Aqualine AS recently invited all its partners to MARINTEK's Ocean Laboratory, where they could follow tests of a model of the company's Midgard sea-cage system at close range. Aqualine was awarded employer organisation NHO's Innovation Prize for the system in 2015, and has already sold 350 sea-cages, most of them to the Norwegian market. Midgard was designed and patented by Aqualine and tested and verified by MARINTEK, and is believed to be the industry's first escape-proof sea-cage system.
"Midgard is an extremely reliable system for our clients. If the use it correctly, it is completely escape-proof. It is just the same as with petroleum installations. They need to be used correctly if they are to be safe," says Aqualine's technical director Martin Søreide.
"How important has MARINTEK been for the development of this new technology?"
"Without MARINTEK, we would not have been able to develop Midgard. It's as simple as that. I believe that MARINTEK possesses the highest level of expertise in model testing and analysis in marine technology of anywhere in the world. We obtain all of the correct results of the calculations for structures of this sort from model tests rather than from analytical programmes. I use all the answers we get in this way to design our systems," says Søreide.
MARINTEK's scientists also agree that Midgard is a robust system In the Ocean Laboratory, the sea-cage was exposed to powerful currents and high waves in the course of systematic model tests.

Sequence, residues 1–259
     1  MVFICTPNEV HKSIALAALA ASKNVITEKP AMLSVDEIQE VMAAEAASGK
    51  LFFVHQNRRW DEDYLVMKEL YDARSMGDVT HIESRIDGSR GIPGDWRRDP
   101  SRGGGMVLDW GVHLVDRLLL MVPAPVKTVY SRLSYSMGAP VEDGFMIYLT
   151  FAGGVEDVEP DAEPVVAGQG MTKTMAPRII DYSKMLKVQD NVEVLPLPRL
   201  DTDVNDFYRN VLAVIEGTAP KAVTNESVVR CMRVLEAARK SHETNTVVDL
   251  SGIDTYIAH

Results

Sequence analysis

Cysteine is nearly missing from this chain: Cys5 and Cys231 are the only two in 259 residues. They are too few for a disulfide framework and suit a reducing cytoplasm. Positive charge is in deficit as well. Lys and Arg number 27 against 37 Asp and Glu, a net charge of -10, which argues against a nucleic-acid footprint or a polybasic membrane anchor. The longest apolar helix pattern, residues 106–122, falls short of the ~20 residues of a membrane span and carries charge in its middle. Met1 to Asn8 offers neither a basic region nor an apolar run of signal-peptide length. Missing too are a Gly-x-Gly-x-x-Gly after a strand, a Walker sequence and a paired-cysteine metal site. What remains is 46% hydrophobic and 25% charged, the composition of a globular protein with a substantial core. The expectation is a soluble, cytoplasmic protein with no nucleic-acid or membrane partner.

"The model tests enabled us to study interactions between the mooring chains and the net, and we realised how bad these are. Now, we have developed a better concept in which we attach the bottom ring directly to the net," says MARINTEK research manager Vegard Øgård Aksnes.
Ten-fold rise in production
Fish escapes have been one of the most important challenges facing the aquaculture industry. But the problem is now much less serious than it used to be. The Norwegian Directorate of Fisheries believes that this is largely due to the fact that the industry has put more into research and development.
"There are fewer escapes nowadays, based on what we find in the rivers, than there were in the 80s, in spite of the fact that production is ten times as high as it was about 30 years ago. This is largely down to research and development. However, more R & D is still needed before these products can be brought into use," says Geir Martin Kvamme, senior consultant at the Directorate of Fisheries.
Want to learn from Norway
People from all over the world came to the meeting in Trondheim to learn about the technology used by an industry that lies at the global cutting edge.
"It is very impressive to see how much research has been put into this design. Our industry is relatively young in comparison with Norway's. In Australia, we would have bought first a framework and then a net, which might or might not have been suitable. The system is then built up bit by bit. So it is very instructive for us to visit MARINTEK and just as importantly, AquaNor ," says Jonny Deuge of Petuna Aquaculture in Australia. John Power agrees with Deuge.
"It was very exciting to experience a model test and observe the technology at close hand. Quite incredible," says Power, of Green Harvest in Ireland.